To publish our documents or to deliver to those that need proprietary formats (such as Microsoft Word), we will need to convert or export the texts.
Some apps will already include the ability to directly export to a variety of formats; Ulysses, for example, will export to
ePub as well as
Markdown is raw text and has no styling applied. It can be read by any human or interpreted by a computer program that will then tag the markup and make appropriate formatting conversions depending on the requirement of the target file type.
Thanks to John Macfarlane, a Professor of Philosophy at the University of California, we can convert just about any document format to any other with this universal document converter.
Pandoc can be used in a
command line mode. Here is an example that will convert a Word file to a Markdown document:
$ pandoc –wrap=none –extract-media=images somefile.docx -o mynewfile.md
Since Pandoc can be utilised on a web server, it can also be used by online tools to form publishing options.
Let us now explore some online systems that can provide multi-format export after editing in the browser. Many of these systems also provide collaborative editing.
Working Files in the Cloud
In an article I wrote recently about version control, (link here) I mentioned a few systems for collaborative editing and a significant development elaborated there was the use of
Git as a repository for files. Here is not the place to go into details about Git, but the system offers great potential for editing and exporting documents in a variety of formats.
I have used this system with my students to edit a guidebook to Oxford for new students. You can see in the image here, that we are able to export the content into a number of formats; in this image, I show how we take the exported files and convert to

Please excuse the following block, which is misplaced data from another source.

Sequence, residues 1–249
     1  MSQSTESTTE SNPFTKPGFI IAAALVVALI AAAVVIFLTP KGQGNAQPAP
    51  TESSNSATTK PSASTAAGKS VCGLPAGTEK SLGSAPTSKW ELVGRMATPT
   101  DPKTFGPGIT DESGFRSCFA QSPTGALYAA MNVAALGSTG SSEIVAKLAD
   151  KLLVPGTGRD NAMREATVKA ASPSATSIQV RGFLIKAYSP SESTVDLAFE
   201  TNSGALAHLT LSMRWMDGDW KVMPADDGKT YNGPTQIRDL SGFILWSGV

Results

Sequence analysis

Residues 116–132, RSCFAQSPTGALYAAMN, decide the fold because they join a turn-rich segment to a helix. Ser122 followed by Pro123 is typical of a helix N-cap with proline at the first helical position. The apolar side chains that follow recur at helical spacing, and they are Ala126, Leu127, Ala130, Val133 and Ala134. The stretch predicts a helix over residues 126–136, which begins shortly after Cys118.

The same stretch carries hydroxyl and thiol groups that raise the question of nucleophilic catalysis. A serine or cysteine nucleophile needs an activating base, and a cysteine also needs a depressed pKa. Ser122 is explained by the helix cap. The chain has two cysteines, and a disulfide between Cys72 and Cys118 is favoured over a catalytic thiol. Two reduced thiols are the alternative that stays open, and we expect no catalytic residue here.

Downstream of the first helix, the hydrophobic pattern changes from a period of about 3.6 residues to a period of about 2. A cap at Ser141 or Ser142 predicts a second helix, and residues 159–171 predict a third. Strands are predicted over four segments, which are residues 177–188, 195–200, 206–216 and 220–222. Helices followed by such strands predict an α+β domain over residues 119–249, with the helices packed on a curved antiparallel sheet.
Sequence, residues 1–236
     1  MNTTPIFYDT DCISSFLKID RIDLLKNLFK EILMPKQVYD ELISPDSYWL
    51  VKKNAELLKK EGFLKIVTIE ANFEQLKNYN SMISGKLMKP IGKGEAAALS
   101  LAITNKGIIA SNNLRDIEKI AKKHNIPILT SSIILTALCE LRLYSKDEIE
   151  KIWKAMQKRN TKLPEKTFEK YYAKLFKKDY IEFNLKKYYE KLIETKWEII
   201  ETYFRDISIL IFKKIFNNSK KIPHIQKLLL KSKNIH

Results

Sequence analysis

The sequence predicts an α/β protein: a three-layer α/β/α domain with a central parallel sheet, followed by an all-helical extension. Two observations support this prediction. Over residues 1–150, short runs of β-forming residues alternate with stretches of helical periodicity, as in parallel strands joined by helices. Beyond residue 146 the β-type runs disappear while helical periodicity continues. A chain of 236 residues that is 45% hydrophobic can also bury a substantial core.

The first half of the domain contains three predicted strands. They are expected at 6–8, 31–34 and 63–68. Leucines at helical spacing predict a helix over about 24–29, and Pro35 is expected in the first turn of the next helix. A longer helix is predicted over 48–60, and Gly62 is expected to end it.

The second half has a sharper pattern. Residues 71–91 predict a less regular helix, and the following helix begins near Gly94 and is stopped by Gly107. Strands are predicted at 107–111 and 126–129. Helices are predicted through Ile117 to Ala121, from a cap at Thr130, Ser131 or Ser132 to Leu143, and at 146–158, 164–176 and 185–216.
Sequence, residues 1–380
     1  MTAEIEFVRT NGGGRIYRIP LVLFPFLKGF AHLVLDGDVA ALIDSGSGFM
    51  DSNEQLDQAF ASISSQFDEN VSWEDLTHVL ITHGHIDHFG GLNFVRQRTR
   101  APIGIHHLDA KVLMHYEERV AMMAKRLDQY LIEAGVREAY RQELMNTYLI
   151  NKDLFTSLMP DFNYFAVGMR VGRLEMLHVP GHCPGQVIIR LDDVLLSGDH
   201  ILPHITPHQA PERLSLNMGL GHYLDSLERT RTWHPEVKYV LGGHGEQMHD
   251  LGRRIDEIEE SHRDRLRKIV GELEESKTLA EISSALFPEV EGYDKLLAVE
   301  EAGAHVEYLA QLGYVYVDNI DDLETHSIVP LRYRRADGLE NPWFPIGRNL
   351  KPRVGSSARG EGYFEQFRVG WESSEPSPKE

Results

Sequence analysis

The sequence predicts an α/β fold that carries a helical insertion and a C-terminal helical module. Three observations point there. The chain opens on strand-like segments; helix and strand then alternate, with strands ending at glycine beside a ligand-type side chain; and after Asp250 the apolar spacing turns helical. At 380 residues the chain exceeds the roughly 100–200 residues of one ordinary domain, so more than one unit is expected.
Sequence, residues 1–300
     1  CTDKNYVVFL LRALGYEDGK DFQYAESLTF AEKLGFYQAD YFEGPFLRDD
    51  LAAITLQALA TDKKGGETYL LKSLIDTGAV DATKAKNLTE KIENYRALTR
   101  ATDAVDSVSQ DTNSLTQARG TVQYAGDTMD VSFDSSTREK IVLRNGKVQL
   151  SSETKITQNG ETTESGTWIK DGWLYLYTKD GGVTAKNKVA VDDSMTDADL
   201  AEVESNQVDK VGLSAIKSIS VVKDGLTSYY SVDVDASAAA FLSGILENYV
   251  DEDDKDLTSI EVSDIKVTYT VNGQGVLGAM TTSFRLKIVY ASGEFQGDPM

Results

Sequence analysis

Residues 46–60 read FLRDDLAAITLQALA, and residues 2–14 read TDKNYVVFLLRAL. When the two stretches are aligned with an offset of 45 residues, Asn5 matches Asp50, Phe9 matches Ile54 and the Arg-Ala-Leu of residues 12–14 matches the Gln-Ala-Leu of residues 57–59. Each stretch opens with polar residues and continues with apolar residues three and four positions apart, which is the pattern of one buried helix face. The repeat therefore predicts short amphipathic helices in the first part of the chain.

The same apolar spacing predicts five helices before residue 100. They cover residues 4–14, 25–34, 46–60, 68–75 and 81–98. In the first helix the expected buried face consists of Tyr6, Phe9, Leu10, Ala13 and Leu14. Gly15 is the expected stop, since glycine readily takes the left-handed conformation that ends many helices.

ICML for input to InDesign.
You can see in the images here that the complexity of having a lot of editors is handled perfectly by this kind of system.
In terms of the actual workflow and details of the process, the text is edited with markdown
Penflip works well, but I cannot recommend it for serious work, since the support has fallen off, and may not be developed further.
GitBook uses a repository held in GitHub as the source files. It is possible to use this collaboratively, but export can only be done from GitHub or some other method such Atom to convert the markdown into Word or ICML via Pandoc.
GitBook, as the name suggests is built to edit (also with markdown) a book under revision control within a Git repository. This goes beyond the prose.io instance described below, because the content can be exported as PDF or eBook. The management of the edits by multiple authors can be hard to resolve.
Note: GitBook has a new interface and looks different from this image.
Prose.io is a server based markdown tool that can be used to edit text held in a GitHub repository. While this system is effective and very easy to uses, the prime focus is editing for a web site, rather than for other platforms.
You will notice from this screen image that
Prose also includes a row of icons that make the process of entering markdown a lot easier for the user if they have little knowledge of the required markup. This set of icons leads us on to look at other input systems providing a more user friendly approach to browser based editing.
Other text input systems
Not all systems use
Markdown as the basis for text input and there are many plugins that web developers can use to build user text input systems. Popular products such as TinyMCE and CKEditor can be seen in use on many blogging systems. These systems can be customised to control a limited set of options for the authors and editors.
BookType is OpenSource software that can be installed on your own web server or as a paid for service.
I have now built an editing system based on this software here: booktype.publisha.org and this is only open to editors, however you can view this book in progress.
You can see from the image below that Booktype provides a variety of formats available for export.
I have written elsewhere about editing collaboratively in the article on Iterative Publishing, but it is important to point out the difference between the systems mentioned above.
In systems that use Git as the basic versioning engine (Penflip, Prose, GitBook), each author/editor has ownership of their own version and when a commit is made the changes are then merged into the original or master copy. This means that editors can be working on the same document simultaneously.
With Booktype however, the document is effectively checked-out for the editor and cannot be edited by anyone else until those edits are saved. Changes are not part of the final document until the changes are accepted by the admin or chief editor.
Originally published at publisha.github.io on October 12, 2018.